Hit Hand, Bike Down, Razor blade.

Driving in Indonesia is growing on me.  I no longer get knots in my stomach anticipating it.  However, my driving skills are changing.  If you were to be my passenger you would note that my hand is always resting on the horn.  Ready to peep at most vehicles or motor cycles that I am passing or to tell vehicles that they are driving way to close to me or 2 dozen other reasons.  I probably honk the horn 10 to 20 times a trip into town. In America I probably honked that much once a year.   I am also becoming a very vocal driver.  You can hear me gripping at the taxi driver for pulling right in front of me, or telling off the motor cycle driver that decided to pass me on the right hand side while I am trying to turn right.  Of course none of them can hear me….but my passengers can!  The other thing I have learned is to always be on the defense, on the guard for everything and everyone else around me.   When I first started to drive here, it took me a while to judge the distance to the l

First Day at the Clinic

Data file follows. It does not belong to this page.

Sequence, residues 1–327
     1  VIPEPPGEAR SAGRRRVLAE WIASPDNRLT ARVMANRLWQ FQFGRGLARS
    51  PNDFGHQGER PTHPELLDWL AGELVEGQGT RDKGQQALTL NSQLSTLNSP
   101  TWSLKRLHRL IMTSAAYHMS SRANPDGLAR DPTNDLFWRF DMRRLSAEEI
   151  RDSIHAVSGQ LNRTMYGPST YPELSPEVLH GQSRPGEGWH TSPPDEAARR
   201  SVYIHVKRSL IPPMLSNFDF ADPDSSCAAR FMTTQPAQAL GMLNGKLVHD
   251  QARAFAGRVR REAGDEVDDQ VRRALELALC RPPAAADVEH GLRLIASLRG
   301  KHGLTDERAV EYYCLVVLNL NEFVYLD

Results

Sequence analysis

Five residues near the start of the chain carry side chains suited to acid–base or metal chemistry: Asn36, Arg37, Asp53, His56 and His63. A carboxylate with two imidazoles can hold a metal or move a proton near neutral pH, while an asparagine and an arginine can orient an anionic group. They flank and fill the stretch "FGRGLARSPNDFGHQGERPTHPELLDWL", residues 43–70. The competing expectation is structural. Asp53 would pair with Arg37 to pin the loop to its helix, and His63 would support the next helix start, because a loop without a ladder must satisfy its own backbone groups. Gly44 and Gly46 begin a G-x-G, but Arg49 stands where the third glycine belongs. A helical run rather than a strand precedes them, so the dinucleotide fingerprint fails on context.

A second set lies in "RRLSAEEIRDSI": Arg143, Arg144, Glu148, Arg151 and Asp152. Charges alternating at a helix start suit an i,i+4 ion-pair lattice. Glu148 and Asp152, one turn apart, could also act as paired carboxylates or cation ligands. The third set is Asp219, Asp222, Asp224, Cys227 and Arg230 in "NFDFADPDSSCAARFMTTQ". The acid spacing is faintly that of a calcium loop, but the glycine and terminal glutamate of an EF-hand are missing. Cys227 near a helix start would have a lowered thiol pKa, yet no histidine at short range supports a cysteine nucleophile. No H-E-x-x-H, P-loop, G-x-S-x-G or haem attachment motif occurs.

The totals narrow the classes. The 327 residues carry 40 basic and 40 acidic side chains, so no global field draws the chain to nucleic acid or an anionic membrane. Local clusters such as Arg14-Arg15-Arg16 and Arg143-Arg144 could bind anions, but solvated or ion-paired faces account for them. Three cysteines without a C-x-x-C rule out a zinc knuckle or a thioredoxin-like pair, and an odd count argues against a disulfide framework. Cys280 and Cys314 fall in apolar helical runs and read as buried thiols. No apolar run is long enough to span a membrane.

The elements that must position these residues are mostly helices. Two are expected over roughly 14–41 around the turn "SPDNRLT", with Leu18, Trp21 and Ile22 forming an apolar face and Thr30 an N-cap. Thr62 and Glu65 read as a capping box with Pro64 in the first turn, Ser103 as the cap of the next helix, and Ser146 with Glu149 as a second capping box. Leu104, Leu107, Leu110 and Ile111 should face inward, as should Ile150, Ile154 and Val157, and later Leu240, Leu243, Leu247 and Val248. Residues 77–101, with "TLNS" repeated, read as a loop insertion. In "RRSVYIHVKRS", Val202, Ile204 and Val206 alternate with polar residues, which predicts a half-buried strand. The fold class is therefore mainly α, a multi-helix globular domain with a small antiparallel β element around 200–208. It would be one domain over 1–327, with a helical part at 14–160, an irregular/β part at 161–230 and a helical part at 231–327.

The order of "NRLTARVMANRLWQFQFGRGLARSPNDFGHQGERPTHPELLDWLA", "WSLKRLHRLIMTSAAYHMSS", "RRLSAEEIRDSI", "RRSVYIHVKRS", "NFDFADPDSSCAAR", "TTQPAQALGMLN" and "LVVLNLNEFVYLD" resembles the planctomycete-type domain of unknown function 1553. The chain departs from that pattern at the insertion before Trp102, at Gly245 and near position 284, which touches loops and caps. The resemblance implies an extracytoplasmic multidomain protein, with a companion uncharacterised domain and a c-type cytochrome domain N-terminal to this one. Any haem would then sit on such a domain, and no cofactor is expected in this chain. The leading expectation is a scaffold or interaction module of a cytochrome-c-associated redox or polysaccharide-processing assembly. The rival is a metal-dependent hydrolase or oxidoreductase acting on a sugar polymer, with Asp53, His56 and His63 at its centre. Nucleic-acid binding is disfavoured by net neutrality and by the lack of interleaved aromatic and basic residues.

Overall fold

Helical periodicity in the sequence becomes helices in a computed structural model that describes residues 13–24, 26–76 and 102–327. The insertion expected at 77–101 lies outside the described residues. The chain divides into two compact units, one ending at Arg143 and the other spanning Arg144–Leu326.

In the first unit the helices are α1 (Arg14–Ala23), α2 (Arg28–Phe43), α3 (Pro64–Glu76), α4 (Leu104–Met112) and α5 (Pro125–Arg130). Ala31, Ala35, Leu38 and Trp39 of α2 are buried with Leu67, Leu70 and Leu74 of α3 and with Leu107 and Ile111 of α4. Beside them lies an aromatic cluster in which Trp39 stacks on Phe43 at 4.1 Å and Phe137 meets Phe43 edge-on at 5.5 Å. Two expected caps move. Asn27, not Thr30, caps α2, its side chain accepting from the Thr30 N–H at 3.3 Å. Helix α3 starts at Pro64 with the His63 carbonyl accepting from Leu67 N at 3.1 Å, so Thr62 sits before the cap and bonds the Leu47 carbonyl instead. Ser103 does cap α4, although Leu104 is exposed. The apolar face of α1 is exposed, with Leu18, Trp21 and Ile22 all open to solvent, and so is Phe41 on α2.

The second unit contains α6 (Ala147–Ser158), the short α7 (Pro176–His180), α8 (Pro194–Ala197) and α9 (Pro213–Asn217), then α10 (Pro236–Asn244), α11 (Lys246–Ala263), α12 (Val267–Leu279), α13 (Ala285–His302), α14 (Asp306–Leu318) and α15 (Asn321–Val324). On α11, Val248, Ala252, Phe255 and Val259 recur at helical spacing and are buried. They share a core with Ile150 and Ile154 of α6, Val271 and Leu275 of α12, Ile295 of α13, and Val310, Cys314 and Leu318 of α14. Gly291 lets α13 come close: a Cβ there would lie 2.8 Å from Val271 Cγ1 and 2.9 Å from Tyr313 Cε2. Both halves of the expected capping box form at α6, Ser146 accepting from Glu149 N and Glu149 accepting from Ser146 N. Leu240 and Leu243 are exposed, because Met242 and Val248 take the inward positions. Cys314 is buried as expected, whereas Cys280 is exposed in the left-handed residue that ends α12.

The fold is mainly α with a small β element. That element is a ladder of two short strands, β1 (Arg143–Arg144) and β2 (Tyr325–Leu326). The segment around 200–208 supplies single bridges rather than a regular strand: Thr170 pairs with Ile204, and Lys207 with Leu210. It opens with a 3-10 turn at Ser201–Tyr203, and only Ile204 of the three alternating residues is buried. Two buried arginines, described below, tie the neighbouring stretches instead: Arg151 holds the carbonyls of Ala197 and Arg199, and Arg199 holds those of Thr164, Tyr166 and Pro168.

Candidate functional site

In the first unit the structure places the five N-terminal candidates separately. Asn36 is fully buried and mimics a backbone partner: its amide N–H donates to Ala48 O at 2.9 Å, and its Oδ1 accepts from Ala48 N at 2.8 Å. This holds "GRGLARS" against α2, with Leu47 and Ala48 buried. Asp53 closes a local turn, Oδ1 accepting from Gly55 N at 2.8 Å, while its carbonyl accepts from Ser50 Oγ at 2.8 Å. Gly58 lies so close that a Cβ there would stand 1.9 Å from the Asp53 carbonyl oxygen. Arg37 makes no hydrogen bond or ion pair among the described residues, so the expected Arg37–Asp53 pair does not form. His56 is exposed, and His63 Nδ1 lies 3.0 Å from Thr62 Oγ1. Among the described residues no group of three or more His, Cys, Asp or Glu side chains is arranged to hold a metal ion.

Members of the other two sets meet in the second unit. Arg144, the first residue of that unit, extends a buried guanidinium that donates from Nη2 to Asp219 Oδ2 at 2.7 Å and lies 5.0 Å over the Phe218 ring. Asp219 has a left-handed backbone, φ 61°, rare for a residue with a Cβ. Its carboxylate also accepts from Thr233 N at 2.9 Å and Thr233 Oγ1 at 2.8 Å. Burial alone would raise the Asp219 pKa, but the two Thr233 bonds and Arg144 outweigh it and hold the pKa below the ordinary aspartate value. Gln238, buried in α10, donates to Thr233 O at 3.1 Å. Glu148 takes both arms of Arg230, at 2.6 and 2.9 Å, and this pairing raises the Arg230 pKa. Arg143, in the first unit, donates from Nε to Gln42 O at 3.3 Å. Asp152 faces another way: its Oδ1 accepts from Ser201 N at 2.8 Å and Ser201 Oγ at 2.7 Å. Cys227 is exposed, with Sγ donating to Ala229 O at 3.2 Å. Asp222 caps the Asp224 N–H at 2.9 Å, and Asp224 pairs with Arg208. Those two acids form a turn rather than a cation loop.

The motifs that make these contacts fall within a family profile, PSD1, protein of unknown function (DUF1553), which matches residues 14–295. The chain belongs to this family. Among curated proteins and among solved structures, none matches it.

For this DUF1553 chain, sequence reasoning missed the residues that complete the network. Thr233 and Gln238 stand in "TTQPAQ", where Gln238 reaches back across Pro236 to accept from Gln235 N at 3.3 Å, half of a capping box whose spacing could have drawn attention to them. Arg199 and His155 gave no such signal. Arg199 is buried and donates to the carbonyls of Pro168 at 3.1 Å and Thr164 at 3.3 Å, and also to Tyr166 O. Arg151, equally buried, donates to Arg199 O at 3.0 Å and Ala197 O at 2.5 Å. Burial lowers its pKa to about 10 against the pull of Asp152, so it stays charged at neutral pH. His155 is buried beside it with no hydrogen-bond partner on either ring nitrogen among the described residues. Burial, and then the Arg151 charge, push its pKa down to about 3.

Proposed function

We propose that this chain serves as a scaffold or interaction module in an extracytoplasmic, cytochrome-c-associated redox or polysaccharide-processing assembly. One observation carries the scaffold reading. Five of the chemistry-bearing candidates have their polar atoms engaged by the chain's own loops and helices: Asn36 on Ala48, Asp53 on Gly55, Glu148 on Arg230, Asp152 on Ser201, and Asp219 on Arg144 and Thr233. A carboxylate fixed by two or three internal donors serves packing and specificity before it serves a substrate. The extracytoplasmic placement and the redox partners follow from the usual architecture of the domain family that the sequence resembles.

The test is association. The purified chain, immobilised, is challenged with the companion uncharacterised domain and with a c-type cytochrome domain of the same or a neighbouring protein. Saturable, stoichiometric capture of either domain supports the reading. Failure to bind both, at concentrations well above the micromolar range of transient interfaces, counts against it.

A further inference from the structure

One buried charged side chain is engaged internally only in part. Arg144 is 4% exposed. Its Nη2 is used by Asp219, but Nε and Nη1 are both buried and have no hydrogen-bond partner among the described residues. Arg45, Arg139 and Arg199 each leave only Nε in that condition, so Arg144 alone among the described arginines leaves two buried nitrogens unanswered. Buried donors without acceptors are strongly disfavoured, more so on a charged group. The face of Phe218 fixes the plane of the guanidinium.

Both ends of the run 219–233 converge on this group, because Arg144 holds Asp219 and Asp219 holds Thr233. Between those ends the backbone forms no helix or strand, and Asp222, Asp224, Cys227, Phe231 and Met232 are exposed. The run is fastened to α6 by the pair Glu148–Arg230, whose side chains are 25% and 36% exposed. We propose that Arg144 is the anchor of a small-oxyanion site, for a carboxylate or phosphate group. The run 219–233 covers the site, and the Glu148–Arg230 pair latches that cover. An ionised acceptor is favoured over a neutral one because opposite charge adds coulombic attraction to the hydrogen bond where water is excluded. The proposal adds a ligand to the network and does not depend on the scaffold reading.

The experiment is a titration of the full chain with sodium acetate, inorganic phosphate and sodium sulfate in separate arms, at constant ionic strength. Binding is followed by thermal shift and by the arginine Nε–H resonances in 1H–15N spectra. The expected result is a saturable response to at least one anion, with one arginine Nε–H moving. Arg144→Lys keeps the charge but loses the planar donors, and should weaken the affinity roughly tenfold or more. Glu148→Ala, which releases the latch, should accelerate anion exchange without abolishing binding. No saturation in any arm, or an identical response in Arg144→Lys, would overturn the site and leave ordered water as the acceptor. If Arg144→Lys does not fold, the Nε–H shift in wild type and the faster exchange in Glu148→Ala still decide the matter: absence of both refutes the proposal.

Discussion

Usually I dread the first day at a new institution, because it usually involves having to review many policies.  Many of you know what I mean.  Orientation.  However, we don’t write too many policies in the mission field clinic.  The dress code is quite liberating: modesty is good.  Street clothes fine.  Flip flops and wet hair work also.  There are no OSHA regulations and we keep all meds up to 5 years past their expiration date.  We can run our own CBC’s and Malaria tests.  We will sterilize all our own instruments.  In the space smaller then an average trailer in America we have most medicines a practice would ever need and most medical equipment ready to be lent out,  most basic tests (i.e malaria, pregnancy, strep, etc. etc.), suturing, IV’s, etc.  There is a great supply of reference books for diagnosing and prescribing.  In the 4 hours I was there we saw the variety of: a sty, blood pressure check up and follow up, sore throat, complicated abdominal case, 3 or so skin infectio